Modern beer was born in Munich in 1602
Germany, home of the famous annual Oktoberfest celebration, has long prided itself on being the birthplace of lager beer. Now, new studies have revealed the exact origin of this beer. Scientists analyzed old brewing records to trace the history of lager yeast to a brewery in Munich in 1602. Previous analyses had revealed that the yeast was a combination of two different types, but how and when it was produced was unknown. Experts in Germany claim that lager beer was probably born by chance, when the bottom yeast used in Bavaria since the 14th century to brew ale beers was inadvertently mixed with the Bohemian wheat yeast used for top-fermented ale beers.
Use of bottom-fermenting yeast
Although Bohemia is now a region of the Czech Republic, in the 17th century it was a German state, giving the Germans a copyright in the creation of lager beer. The contamination occurred after the death of a wheat beer brewer whose assets were confiscated by Maximilian the Great, Duke of Bavaria and later Holy Roman Prince Elector. For economic reasons, Hans VI von Degenberg had been granted special permission to establish a wheat brewery on Bavarian territory, despite the fact that in the mid-16th century all Bavarian brewers had been ordered to use bottom-fermenting yeast. When von Degenberg’s grandson died without heirs in 1602, the brewery in the small border town of Schwarzach was confiscated by Maximilian the Great, who then transferred the yeast to his own company in Munich.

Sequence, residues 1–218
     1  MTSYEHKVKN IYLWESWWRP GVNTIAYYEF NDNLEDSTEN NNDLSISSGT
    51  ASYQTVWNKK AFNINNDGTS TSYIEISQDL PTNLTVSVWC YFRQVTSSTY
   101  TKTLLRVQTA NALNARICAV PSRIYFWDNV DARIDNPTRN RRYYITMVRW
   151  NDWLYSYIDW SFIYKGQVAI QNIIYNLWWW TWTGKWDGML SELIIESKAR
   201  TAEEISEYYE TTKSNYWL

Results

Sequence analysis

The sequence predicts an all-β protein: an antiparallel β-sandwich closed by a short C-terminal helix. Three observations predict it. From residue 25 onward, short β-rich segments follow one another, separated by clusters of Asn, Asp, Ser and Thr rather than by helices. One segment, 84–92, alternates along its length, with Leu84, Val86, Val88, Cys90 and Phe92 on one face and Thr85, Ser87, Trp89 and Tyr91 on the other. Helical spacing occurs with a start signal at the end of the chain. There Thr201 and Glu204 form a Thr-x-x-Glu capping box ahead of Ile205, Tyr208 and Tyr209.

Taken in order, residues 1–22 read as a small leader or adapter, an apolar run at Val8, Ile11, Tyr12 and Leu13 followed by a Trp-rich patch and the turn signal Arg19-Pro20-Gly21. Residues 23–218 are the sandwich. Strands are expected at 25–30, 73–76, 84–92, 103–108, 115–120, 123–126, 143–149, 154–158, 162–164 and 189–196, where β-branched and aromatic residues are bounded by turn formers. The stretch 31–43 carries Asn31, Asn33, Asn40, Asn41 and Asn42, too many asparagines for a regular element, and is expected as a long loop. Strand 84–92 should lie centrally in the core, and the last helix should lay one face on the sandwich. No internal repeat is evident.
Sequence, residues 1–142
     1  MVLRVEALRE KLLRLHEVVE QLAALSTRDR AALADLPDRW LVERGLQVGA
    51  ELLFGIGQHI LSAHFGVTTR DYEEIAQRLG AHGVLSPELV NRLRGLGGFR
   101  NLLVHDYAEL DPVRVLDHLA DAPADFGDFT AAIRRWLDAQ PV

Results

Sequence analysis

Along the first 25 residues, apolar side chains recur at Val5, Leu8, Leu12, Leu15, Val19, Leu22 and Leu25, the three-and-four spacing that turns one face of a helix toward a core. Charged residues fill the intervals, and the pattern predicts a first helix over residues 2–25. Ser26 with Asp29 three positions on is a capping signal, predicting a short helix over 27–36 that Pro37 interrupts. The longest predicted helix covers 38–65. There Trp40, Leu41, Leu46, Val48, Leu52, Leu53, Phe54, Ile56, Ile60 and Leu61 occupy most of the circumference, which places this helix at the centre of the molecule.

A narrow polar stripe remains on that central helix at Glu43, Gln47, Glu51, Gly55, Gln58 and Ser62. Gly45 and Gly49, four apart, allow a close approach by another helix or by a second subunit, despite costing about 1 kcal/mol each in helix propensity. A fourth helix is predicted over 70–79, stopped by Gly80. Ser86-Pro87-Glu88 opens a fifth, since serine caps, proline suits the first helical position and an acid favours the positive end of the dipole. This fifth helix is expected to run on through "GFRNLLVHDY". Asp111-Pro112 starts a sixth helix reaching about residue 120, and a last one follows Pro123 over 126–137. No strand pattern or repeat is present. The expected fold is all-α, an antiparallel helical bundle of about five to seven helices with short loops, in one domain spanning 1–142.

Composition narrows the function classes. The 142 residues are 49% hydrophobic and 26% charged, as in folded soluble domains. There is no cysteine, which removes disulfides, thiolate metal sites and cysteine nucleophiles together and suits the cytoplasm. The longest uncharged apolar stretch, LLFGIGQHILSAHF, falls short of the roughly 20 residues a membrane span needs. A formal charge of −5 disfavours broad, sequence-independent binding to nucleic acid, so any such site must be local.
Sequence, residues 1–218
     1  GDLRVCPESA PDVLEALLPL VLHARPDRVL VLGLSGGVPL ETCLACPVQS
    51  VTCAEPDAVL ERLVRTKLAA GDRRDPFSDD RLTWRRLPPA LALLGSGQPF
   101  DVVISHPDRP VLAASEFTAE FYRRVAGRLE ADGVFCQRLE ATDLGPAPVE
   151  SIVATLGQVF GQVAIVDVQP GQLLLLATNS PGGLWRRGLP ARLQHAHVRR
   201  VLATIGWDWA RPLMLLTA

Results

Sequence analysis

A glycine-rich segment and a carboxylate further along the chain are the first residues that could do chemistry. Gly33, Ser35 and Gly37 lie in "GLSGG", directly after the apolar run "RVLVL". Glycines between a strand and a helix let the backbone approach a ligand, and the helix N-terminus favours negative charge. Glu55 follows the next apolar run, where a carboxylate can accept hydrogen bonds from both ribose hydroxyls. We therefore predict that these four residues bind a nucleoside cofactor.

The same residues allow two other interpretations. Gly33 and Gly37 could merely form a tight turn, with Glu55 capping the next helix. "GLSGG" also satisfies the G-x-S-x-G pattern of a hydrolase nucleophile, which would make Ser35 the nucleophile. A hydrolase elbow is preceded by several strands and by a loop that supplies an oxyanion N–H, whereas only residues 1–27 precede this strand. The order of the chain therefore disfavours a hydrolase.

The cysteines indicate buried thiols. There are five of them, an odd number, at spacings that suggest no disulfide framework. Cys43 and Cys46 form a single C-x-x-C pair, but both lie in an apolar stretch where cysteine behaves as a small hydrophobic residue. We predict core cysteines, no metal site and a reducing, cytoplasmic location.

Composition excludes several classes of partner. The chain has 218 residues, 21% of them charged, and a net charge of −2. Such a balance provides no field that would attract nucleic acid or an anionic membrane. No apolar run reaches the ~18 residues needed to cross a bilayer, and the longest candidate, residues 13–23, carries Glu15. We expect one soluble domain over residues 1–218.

The duke was jealous of the economic success
According to Professor John Morrissey, an expert on yeast evolution at the University of Cork, the duke «was jealous of the economic success the von Degenbergs had had with their wheat beer.» For the next five years, the duke’s court brewery (Hofbräuhaus) alternated between brewing bottom-fermented beer and top-fermented wheat beer, during which time the two yeasts were blended and lager yeast was born.
Spread throughout Europe
After that, researchers say the yeast strains, known as Saccharomyces pastorianus, spread throughout Europe and are the source of all modern lager brewing yeast.
200 years before the first lager beer was brewed
However, it was more than 200 years before the first lager was brewed, when Saccharomyces pastorianus was properly extracted and isolated in Copenhagen by the owner of Carlsberg.